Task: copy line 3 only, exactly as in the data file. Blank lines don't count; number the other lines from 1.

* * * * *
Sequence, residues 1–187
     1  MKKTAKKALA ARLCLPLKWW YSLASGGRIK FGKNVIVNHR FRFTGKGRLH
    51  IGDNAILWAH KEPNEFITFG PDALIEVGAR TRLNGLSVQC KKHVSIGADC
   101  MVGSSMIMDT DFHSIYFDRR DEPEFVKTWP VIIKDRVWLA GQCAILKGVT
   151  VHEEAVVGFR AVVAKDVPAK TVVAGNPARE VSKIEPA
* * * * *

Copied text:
    51  IGDNAILWAH KEPNEFITFG PDALIEVGAR TRLNGLSVQC KKHVSIGADC